The 1980s gave us some of the most enduring modern musicals, with shows that more than three decades later still dominate the West End. Phantom of the Opera opened in 1986 and still resides at Her Majesty’s Theatre, Les Misérables is celebrating almost 35 continuous years with a nationwide tour and a controversial revamp while a new tour of Blood Brothers (1983) begins in 2019 which also had a notable 24-year run in West End. But there are some musicals that have fallen by the wayside, overshadowed by their more steadfast counterparts. But in the last year, first Chess and now Aspects of Love have earned revivals that offer a new generation a chance to see these productions for the first time.

Anyone born after 1980 may never have seen Aspects of Love and know it only for the song Love Changes Everything which made Michael Ball a star, so the Manchester Hope Mill’s garlanded revival which transfers to the Southwark Playhouse for four weeks will be a first for many of us. Andrew Lloyd Webber’s musical with lyrics by Don Black and Charles Hart is based on the 1955 novella by David Garnett which charts the incestuous romantic relationships of a group of bohemian friends over almost two decades. Himself a member of Bloomsbury group, it’s not difficult to see the refraction of Garnett’s own experience in the story that is darker than its quixotic title suggests.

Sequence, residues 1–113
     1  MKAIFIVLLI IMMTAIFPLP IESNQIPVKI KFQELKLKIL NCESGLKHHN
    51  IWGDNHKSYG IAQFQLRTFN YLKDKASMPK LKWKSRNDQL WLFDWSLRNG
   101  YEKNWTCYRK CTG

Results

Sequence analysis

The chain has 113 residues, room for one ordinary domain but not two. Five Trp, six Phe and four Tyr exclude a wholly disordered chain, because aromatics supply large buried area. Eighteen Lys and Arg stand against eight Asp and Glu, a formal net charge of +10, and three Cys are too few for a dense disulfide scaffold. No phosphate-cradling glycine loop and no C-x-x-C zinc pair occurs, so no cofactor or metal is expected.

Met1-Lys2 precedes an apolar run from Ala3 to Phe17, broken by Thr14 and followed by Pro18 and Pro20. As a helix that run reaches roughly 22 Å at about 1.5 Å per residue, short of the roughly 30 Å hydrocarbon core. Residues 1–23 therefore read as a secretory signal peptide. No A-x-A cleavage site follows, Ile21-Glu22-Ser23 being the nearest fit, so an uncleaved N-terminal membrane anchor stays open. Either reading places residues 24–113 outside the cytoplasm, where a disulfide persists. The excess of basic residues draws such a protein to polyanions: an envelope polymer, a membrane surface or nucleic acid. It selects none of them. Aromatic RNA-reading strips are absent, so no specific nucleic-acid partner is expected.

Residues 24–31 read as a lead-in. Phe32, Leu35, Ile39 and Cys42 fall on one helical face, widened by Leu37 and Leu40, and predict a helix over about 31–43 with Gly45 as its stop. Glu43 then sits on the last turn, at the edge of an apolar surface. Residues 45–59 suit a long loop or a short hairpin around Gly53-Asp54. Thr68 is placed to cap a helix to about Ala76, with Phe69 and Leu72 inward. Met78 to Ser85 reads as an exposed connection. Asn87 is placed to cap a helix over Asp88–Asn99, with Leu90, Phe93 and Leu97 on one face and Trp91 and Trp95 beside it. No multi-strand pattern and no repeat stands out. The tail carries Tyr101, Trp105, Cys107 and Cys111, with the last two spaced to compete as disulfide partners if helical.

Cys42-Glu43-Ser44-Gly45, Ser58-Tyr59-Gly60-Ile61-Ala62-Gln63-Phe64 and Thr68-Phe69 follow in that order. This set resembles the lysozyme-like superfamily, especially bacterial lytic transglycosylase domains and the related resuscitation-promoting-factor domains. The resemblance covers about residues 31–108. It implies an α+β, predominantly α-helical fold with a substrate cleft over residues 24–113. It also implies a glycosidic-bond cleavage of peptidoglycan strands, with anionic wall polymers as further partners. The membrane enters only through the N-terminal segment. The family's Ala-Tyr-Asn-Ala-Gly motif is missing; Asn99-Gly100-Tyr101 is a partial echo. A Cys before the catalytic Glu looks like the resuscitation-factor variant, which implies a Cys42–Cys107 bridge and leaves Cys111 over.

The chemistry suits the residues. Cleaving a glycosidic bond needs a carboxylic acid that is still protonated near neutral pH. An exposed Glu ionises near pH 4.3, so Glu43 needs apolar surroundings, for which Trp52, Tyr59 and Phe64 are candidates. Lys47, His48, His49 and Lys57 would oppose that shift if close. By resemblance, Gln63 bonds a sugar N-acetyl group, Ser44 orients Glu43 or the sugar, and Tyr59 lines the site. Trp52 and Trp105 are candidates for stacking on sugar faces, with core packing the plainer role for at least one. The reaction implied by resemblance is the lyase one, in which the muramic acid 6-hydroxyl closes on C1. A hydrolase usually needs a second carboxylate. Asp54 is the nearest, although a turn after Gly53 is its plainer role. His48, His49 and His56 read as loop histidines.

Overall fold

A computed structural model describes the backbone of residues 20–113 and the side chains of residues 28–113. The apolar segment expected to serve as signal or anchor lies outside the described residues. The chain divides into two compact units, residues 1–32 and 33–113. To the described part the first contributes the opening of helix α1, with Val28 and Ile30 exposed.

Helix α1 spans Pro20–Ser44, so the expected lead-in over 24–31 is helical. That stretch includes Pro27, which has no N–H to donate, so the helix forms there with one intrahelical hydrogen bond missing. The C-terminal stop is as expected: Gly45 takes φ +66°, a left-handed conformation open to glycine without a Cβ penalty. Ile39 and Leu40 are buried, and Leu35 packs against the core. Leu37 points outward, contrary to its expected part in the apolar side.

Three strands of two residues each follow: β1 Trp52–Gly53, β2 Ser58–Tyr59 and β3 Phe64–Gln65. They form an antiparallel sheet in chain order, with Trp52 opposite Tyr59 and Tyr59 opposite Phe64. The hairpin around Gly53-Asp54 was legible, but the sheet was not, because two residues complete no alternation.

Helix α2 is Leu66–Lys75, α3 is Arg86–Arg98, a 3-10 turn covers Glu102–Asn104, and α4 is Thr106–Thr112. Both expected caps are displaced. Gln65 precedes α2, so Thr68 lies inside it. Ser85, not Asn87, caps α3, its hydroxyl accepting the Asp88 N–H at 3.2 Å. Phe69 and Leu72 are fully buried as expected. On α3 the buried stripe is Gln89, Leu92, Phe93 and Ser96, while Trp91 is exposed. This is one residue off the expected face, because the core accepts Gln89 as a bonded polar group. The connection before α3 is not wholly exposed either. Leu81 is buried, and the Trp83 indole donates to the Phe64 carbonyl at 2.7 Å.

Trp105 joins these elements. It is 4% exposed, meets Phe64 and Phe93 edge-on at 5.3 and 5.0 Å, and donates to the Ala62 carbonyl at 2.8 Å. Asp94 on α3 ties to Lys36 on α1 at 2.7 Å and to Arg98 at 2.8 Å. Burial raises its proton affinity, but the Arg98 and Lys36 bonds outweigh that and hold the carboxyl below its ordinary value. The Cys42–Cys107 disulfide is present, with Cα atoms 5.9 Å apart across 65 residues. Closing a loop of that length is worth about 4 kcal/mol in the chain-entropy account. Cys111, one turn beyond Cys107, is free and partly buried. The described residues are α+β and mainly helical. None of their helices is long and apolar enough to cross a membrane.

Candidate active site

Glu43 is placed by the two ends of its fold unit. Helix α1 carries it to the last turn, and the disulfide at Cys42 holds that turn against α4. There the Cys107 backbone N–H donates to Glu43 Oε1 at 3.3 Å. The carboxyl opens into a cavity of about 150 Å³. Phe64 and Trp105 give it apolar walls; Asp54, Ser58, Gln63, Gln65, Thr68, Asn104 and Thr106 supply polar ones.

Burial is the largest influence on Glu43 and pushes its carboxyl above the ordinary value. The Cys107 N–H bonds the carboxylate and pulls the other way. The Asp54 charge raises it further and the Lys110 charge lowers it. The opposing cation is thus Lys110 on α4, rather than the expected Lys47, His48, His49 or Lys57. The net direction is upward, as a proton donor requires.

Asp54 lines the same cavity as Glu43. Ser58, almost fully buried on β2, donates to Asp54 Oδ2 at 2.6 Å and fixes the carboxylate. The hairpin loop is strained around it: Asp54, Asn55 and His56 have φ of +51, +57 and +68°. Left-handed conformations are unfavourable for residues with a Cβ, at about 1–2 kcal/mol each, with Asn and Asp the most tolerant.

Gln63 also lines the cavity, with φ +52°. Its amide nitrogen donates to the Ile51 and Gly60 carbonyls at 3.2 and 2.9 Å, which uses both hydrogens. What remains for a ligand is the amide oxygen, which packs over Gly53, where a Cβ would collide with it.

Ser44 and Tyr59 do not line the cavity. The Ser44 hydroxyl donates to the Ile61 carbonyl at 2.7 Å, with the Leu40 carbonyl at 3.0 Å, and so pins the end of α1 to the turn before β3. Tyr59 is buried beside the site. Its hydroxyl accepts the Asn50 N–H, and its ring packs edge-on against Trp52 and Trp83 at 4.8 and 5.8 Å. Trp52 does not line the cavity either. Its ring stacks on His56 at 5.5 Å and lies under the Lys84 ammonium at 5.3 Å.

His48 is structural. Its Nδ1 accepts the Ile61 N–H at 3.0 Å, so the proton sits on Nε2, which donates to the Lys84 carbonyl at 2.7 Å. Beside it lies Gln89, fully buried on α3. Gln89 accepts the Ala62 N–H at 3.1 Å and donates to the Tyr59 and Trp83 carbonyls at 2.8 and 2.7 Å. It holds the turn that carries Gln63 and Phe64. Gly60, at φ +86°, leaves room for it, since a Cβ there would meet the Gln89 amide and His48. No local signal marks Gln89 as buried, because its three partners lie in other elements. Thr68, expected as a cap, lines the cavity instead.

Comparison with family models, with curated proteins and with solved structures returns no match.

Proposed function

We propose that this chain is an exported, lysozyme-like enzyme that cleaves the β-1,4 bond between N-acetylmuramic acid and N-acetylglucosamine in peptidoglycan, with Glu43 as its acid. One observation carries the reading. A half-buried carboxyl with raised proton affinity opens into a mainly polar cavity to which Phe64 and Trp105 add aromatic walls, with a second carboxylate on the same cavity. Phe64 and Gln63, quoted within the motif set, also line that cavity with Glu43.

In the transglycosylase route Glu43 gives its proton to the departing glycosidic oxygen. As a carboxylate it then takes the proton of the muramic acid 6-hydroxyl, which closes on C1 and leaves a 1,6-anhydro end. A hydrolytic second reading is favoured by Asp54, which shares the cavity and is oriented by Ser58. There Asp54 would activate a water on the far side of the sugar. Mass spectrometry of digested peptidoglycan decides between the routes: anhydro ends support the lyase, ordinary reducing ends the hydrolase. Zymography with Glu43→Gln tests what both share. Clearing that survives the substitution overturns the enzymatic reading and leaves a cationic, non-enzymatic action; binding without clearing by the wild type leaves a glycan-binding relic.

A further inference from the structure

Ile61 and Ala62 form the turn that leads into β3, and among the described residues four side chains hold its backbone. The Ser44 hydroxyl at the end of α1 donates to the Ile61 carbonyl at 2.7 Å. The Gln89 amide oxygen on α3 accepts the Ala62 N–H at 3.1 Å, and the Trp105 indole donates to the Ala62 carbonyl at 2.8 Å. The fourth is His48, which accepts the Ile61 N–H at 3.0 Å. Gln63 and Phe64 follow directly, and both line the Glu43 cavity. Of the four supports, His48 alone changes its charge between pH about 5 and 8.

The famous strains of Love Changes Everything open the show as former lovers meet once more at a funeral before the years roll back to the beginning of this sorry tale. The song initially seems to signal to the audience that love is a hopefully, positive force, one that will define your life for the better. Heard repeatedly out of context on LP as a child, the lyrics and emotional swell of the music have always implied a happy passion, one in which the singer welcomes the bittersweet thrill of it all. How different the unfolding tale proves to be, and heard now in context it seems Michael Ball was singing about something else altogether.